Panel will examine communication failures after fall earthquake
If it's true that forgetful people are doomed to repeat their own history, we already know what could be in store for these Hawaiian Islands.
Most of us have forgotten the panicky feeling we had on Oct. 15 when two major earthquakes rocked the entire state. Damage was extensive on the Big Island, and Oahu residents endured a power outage that lasted all day for most of us and all night for some.
We have forgotten our feelings of vulnerability as usually reliable communications channels failed us completely. Radio and television stations without backup generators were silent, and those that did stay on the air weren't much help in calming our fears.
Information from State Civil Defense and Hawaiian Electric Co. was slow in coming and sporadic at best. Officials couldn't tell residents what they knew; callers had jammed the few telephone lines into the stations, including the designated emergency broadcast outlets.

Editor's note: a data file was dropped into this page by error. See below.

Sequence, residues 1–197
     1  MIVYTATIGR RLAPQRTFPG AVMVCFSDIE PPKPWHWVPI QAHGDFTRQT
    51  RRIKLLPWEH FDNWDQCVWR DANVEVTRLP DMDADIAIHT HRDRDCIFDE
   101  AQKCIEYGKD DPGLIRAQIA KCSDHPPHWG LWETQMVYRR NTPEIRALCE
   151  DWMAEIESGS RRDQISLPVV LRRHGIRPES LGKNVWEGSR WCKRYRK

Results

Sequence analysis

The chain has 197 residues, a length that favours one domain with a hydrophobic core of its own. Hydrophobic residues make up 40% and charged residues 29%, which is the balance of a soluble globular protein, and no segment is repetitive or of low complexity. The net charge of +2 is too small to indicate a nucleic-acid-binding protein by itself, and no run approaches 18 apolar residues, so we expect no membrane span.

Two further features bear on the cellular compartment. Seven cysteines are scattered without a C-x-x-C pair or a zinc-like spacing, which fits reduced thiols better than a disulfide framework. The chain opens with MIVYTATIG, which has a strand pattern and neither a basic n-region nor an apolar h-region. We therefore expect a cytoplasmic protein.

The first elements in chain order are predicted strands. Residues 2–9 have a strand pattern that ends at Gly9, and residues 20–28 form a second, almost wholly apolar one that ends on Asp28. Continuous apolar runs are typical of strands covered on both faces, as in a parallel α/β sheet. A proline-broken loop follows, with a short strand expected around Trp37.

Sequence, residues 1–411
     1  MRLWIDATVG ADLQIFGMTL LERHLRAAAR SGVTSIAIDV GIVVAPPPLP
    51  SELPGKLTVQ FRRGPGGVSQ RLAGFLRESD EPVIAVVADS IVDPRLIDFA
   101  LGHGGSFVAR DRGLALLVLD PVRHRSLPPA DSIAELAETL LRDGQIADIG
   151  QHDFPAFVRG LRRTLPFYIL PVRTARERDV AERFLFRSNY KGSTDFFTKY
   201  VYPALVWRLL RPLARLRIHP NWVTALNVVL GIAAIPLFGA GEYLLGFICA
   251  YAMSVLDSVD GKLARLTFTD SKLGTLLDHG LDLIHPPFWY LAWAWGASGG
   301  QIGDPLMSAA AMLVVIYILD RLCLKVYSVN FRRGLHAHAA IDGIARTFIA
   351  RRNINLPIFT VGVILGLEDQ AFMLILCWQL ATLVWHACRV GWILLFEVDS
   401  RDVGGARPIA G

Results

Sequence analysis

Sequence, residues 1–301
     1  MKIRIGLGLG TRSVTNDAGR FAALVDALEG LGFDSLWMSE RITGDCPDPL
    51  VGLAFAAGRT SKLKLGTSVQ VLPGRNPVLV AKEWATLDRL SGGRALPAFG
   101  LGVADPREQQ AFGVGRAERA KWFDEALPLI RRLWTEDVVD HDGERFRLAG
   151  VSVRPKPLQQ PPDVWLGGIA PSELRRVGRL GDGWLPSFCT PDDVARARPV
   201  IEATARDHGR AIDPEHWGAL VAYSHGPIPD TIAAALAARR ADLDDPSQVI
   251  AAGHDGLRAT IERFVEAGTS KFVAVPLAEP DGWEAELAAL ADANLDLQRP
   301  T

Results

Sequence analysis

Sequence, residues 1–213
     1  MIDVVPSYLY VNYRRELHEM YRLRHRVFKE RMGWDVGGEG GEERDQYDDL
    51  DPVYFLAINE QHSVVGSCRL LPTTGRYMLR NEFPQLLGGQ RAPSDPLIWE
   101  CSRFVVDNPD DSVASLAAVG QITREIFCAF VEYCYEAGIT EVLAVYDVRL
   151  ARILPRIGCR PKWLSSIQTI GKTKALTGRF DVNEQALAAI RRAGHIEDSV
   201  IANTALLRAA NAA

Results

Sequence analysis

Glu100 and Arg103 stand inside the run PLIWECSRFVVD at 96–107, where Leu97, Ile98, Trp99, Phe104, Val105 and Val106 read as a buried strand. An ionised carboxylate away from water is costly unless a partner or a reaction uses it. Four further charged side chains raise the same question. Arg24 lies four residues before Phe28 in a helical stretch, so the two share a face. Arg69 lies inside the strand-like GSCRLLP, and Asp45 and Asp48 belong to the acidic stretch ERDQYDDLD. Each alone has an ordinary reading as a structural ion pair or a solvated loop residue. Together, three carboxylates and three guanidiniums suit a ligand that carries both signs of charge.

Complaints about the communications failures dominated conversations for a week or two, but then the November elections took over, followed by the holidays and a new year, with new concerns. October's unpleasantness seems like a distant memory in February.
Thankfully, a volunteer group will bring back those memories for a positive purpose. The Honolulu Community Media Council will host a panel discussion on Feb. 27 titled "Media and Emergency Response."
Representatives of the media, government and the public will explore what went right and wrong on Oct. 15 and discuss the media's ability to respond efficiently in future emergencies.
The public is invited to attend and participate in the discussion. It's worth noting that this will be the first public meeting to evaluate the communications crisis and how government and the media responded.
The 70-member state-appointed committee that reviewed October's commu- nications failures had no public representation and held no public meetings. State Civil Defense officials have not briefed the public on what they are doing to improve their communications capabilities.
The Media Council is stepping into this vacuum with its panel discussion. Members of the public can reserve a place at the $20 Ala Moana Hotel lunch by calling 596-2121 no later than Friday. The Council's Web site -- mediacouncil.org -- has additional information.
Doug Carlson, a communications consultant, writes the Citizens Helping Officials Respond to Emergencies (CHORE) Web log and will be a panelist at the Media Council lunch.